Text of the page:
Arranged unions and distrust: The influence of parental choice on mate guarding

Groningen, The Netherlands — February 1, 2011 — Mate guarding is classified as excessive or unwarranted jealous or protective behavior towards a spouse or mate. This is common among many different species and can be useful to defend territory, guarantee paternity, or prevent disease. The authors of a new study published in Personal Relationships have discovered that this behavior is more common in societies which practice arranged marriages or in cultures that place a high value on parental influence in the choice of mate for their children. Furthermore, the authors comment on the fact that mate guarding is not an exclusively male phenomenon, and women can be just as forceful in protecting their monogamous relationships.

In many cultures, rules, behavioral practices, and physical measures, including veiling and walled courtyards, have been applied to prevent contact between women and potential sexual partners. The current findings indicate that the occurrence of mate guarding is more prevalent in Muslim, Indian, Chinese, Turkish, Moroccan, and South Asian societies.

Lead author A.P. Buunk, “In Western cultures, most husbands do not actively try to prevent contacts between their wife and other men and may even accept a moderate degree of flirting. In contrast, in many Islamic cultures husbands actively prevent even superficial contact between a female member and another man. If a male cannot guarantee the paternity of their offspring, they could very well be investing precious resources in another man’s offspring. It therefore becomes most important to ensure the fidelity of the female mate.”

There is considerable evolutionary evidence that in most societies and historical periods, marriage has been at least partly arranged and has been based on a series of familial considerations rather than on the desires of the individuals concerned. In their article the authors emphasize that the degree in which parents control the mate choice of their children is an important factor in the occurrence of mate guarding. Additionally, freedom of mate choice or the ability to form a love-based union seems to make mate guarding less necessary. The findings clearly indicate that in cultures and social contexts in which freedom of mate choice is valued highly, the level of mate guarding is relatively low.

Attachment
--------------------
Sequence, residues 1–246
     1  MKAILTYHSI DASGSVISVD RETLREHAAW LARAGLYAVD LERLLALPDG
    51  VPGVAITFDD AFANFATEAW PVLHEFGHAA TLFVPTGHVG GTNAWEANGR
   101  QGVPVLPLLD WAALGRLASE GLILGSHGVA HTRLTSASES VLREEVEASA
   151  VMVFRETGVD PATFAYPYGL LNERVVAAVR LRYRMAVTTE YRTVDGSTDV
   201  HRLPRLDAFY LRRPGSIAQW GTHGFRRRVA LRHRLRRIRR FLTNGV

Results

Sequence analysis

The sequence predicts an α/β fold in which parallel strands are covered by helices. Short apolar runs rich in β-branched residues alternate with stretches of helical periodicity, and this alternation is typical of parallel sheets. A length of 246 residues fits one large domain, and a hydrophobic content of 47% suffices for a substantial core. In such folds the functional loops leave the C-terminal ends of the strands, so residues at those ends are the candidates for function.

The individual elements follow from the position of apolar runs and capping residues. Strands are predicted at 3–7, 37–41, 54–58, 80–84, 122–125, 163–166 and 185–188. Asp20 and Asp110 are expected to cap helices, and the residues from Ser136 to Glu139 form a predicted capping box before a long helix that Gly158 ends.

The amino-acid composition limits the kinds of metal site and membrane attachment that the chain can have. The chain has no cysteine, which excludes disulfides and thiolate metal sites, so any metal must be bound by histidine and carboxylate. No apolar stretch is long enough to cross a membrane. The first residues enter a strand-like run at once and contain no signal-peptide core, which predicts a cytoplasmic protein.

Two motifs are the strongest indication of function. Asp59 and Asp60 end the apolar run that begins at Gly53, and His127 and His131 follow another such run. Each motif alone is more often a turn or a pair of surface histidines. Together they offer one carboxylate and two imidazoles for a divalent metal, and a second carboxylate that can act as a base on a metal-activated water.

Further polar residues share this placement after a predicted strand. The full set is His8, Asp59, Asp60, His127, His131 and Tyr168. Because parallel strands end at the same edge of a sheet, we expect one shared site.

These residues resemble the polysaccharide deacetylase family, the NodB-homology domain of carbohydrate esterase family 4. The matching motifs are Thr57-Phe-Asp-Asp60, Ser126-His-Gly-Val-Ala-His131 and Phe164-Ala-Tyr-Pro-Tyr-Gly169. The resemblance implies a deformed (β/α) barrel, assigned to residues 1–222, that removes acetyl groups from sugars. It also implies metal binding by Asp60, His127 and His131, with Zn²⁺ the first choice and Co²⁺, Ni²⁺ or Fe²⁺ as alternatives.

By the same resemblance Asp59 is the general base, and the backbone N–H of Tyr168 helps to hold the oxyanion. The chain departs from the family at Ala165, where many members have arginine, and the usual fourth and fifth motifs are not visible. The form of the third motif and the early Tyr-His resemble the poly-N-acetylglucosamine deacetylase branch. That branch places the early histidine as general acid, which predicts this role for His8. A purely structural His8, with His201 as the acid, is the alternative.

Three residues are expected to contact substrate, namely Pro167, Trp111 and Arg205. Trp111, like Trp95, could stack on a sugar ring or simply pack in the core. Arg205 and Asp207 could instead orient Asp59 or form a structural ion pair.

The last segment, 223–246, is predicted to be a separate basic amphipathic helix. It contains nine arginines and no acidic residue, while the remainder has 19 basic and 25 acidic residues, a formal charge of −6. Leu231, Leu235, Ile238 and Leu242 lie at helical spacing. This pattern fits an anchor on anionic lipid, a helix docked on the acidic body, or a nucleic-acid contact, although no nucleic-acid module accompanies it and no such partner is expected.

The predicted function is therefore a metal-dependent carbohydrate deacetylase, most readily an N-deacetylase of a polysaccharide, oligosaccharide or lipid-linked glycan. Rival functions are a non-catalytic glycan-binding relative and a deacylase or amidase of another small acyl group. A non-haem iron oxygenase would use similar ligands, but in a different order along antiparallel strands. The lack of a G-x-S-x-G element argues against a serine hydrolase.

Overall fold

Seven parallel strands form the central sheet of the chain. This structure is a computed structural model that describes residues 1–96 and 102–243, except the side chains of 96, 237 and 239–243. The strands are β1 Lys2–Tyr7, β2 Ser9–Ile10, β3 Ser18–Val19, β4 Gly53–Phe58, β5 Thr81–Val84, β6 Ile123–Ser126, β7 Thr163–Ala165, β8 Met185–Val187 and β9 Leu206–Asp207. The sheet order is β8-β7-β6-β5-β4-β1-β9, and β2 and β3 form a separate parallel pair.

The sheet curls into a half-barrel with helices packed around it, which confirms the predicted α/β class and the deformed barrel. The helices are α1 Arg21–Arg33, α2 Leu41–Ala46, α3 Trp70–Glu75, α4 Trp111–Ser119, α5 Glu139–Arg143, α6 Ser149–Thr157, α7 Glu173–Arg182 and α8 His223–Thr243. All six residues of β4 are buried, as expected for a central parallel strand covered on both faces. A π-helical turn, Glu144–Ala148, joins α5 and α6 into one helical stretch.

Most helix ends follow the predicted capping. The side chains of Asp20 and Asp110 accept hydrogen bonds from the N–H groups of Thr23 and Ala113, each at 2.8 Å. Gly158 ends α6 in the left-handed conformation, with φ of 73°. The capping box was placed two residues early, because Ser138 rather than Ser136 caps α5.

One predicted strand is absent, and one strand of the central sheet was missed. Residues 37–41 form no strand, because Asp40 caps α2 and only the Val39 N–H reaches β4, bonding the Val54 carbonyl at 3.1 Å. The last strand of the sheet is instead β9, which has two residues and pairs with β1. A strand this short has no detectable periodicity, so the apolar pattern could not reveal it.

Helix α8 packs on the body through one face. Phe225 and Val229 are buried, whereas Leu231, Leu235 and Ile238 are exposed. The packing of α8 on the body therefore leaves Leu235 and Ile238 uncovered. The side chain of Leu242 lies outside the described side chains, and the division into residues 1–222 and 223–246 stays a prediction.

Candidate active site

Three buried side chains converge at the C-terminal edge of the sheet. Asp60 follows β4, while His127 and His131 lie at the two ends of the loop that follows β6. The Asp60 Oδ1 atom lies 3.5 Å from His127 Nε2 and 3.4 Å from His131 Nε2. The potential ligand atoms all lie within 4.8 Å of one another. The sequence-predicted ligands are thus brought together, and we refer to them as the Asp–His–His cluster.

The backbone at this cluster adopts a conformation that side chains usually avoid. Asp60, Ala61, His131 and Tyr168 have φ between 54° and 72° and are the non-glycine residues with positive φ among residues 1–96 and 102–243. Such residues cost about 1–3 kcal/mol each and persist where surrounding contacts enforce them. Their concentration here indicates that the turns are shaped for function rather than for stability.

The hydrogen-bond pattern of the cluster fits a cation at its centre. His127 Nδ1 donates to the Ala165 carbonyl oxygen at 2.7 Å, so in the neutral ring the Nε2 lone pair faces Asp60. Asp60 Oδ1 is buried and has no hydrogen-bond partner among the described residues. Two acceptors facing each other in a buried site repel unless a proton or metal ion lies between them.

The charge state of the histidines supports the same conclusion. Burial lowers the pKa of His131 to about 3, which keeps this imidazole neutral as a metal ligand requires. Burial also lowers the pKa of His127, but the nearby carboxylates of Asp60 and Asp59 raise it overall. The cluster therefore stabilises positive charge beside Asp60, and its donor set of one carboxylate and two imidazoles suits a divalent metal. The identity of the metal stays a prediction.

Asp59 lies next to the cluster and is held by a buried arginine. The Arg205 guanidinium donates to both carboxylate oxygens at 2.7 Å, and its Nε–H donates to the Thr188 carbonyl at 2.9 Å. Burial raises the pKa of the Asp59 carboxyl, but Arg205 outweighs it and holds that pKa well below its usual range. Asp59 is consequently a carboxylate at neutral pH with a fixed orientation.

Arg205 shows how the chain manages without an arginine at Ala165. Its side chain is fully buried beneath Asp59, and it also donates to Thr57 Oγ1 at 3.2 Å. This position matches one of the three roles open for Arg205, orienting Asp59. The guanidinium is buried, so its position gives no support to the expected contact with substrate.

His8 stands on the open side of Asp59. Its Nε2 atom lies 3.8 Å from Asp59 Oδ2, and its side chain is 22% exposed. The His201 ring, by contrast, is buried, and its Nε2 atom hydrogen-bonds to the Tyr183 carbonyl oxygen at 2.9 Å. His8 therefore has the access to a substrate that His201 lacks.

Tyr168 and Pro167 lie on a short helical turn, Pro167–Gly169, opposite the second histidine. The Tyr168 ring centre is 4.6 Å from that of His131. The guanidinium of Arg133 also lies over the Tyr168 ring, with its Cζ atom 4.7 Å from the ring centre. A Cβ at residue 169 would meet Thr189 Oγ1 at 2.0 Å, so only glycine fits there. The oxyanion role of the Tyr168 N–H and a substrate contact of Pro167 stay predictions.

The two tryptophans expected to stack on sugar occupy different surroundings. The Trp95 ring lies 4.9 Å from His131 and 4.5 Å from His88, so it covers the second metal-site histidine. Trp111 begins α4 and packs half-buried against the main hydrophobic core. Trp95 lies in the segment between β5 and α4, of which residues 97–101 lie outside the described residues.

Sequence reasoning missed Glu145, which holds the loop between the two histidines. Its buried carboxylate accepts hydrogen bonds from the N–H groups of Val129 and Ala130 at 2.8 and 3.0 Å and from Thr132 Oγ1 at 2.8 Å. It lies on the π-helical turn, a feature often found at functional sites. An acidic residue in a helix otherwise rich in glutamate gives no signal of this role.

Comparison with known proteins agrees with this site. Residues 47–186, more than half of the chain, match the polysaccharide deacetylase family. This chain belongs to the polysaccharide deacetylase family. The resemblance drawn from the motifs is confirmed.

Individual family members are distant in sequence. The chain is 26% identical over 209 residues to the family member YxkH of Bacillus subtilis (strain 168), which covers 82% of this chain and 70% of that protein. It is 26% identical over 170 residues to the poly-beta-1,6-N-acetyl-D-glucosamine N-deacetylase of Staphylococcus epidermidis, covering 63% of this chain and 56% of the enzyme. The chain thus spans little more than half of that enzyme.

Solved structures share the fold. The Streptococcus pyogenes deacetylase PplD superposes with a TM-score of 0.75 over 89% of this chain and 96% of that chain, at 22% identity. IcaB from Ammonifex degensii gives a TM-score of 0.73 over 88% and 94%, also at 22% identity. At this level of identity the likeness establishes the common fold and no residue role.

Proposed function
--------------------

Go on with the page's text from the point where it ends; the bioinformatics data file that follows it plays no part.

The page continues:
There are different reasons why men and women may choose to engage in mate guarding. In Venezuela, a man may pursue an arranged marriage to form important social or business alliances with other men. In this case a man may feel that he needs to guard his “property” zealously. A woman in an arranged marriage may fear desertion, and with it the stigma of divorce, as a result of her husband’s infidelity and would therefore be more likely to engage in mate guarding behavior. Buunk, “If a marriage is not based on choice or love a person is more likely to become jealous over seemingly inconsequential events. This is probably because it is harder to be sure that the other person is in love with you out of their own volition.”

This study will be published in a forthcoming issue of Personal Relationships . Members of the media may request a full-text version of this article by contacting [email protected].

Article: “Mate Guarding and Parental Influence on Mate Choice.”; Abraham P. Buunk and Alejandro Castro Solano. Personal Relationships; Published Online: January 28, 2011 (DOI: 10.1111/j.1475-6811.2010.01342.x). Abstract: http://onlinelibrary.wiley.com/doi/10.1111/j.1475-6811.2010.01342.x/abstract.

Professor Abraham P. Buunk is Academy Professor, Evolutionary Social Psychology, at the Royal Netherlands Academy of Arts and Sciences and the University of Groningen. His other research concerns social exchange and social comparison in applied areas, including professional burnout, absentee¬ism, AIDS-prevention, loneliness, depression, marital satisfaction, well-being among the elderly, and coping with cancer.

Personal Relationships, first published in 1994, is an international, interdisciplinary journal that promotes scholarship in the field of personal relationships using a wide variety of methodologies and throughout a broad range of disciplines, including psychology, sociology, communication studies, anthropology, family studies, child development, social work, and gerontology.

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